ALL ABOUT ALZHEIMER'S: Tragedy at the Santa             Monica Farmer’s Market      
By Betty Weiss

When an 86-year-old man ran down people with his automobile at the Santa Monica Farmer’s Market in Southern California, many believed he had to have been demented. On TV, I recognized his same vacant smile I had seen countless times on my husband and others with dementia when they had no idea what was happening around them. They are very good at keeping up appearances, hiding problems. Imagine, being in a roomful of people playing a game and you have no idea who they are or what the game is, so a friendly smile, a friendly greeting, saying whatever seems appropriate will take you a long way. Few notice you’re not really involved in what is happening; most of the casual things we say to each other are so much chaff anyway.

I didn’t hear anything about the driver possibly having any cognitive impairment, maybe an illness like Alzheimer’s, medication reactions, a mini-stroke, and my writing about it is not meant in any way to defend or excuse him. I wasn’t at the scene nor the trial. Emotions ran high, witnesses saw what they saw. In October he was found guilty of vehicular manslaughter negligence. In November he was sentenced to five-years probation, the judge noting he should serve jail time, but his failing health precluded that. I just want to suggest the possibility that well-meaning people may all see the same event in a different light.

One witness talked about seeing the man smirk. But I didn’t see that smile as a smirk. To me, it was a way to cover up confusion. Attorneys for the driver fought to keep him out of the courtroom, one wonders why. Witnesses said he did it deliberately, avoided parked cars, hitting people instead, told of his coldness, lack of concern and even his arrogance after the crash. In court, he had no response to a picture of his car with bodies still on it—but if demented, he couldn’t connect such a photo to himself and what happened. Lack of remorse, getting angry, displaying a flat response, being unable to apologize are all typical of dementia. Jurors thought he had time to stop, but he couldn’t if he had any mental impairment. They rejected the idea that people can freeze on the gas pedal instead of the brake, but it happens. We’ve all seen photos of a car crashing off a parking structure, into a swimming pool, a storefront, mowing down people at a bus stop. Why didn’t they just stop!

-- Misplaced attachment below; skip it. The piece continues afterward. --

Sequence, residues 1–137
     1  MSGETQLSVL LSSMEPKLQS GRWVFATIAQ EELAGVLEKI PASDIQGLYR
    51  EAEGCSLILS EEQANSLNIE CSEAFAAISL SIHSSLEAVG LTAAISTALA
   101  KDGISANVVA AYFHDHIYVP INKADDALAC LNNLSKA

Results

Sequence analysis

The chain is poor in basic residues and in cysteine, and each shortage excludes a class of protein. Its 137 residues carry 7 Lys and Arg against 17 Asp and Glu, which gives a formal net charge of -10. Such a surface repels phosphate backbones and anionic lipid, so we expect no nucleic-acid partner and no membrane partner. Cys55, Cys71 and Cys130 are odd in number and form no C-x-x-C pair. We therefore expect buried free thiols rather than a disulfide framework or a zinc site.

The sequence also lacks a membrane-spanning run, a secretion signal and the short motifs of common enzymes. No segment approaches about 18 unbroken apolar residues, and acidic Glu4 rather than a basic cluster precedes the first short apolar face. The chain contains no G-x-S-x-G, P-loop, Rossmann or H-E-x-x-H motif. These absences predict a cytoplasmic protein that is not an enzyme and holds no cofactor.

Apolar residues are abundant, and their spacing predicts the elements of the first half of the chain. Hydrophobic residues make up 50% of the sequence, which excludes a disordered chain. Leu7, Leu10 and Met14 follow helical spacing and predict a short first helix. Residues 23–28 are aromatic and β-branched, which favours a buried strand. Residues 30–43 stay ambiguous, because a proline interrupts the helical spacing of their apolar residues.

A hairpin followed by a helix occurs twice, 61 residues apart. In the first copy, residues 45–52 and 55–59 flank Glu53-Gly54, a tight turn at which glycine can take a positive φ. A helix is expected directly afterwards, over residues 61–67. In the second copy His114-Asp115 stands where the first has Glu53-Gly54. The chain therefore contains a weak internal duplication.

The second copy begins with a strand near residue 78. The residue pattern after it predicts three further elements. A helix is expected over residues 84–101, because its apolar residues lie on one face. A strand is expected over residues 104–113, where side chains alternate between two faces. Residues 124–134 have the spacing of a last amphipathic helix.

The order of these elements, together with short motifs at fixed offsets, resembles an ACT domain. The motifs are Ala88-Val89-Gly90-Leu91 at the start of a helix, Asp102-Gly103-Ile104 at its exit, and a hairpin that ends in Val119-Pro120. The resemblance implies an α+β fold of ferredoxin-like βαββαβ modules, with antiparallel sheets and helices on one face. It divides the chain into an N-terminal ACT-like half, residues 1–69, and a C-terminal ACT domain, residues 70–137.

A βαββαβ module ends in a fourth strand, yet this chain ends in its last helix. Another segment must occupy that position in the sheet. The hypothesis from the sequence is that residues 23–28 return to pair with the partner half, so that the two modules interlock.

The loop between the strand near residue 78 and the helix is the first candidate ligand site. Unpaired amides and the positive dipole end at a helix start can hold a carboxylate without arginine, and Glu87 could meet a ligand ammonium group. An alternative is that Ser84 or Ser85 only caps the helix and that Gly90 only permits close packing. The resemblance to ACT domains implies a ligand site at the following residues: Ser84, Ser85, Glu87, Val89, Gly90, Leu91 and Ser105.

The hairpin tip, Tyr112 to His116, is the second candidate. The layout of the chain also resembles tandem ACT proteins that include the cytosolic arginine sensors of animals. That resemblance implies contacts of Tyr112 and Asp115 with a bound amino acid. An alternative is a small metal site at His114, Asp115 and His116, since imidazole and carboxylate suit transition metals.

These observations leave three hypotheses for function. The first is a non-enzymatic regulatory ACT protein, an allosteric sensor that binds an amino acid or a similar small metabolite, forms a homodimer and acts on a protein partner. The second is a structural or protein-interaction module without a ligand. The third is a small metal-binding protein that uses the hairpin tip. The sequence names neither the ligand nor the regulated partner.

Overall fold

People see a scrubby man mumbling and pacing on a street corner and think, correctly, that for one reason or another he is demented. They imagine uncontrollable, demented people confined to a care facility. But most people with dementia are not in such places; they live in the homes of ordinary people, in your town, being cared for by family that often covers for them. You have no idea there’s any problem when you see them. They can be well- groomed, personable, smiling, often well-spoken. No one realized anything was wrong with my husband. When I finally had to place him in a facility, everyone said, “I didn’t see anything wrong.” I am reminded of President Regan’s strolling in a nearby park, so neat and clean, smiling--yes, the smile—stopping when someone asked for a photo together. But few recognized the dementia that Alzheimer’s ravaged upon him. That was seen and tended to only by his family and caregivers.

Countless families have no idea anything is wrong with a loved one, and far too many are still driving! They have diminished capacity behind the wheel and it is so subtle, so vague that few see it. Families choose denial or truly believe quirky behavior is just normal aging. Even if they do see it, they often ignore it for years. It’s too hard to confront a parent or spouse; it’s fear of finally acknowledging that something is terribly wrong; fear of the unknown--and the known. It’s being embarrassed--no one wants to admit something is wrong with the mind. It’s too heartbreaking to take away someone’s independence, and since Mom never drove, who’s going to take her to the market?
Betty Weiss is the author of the best selling Alzheimer's Surgery: An Intimate Portrait, and When The Doctor Says, "Alzheimer's:" Your Caregiver's Guide to Alzheimer's & Dementia. She does not give medical advice.                           
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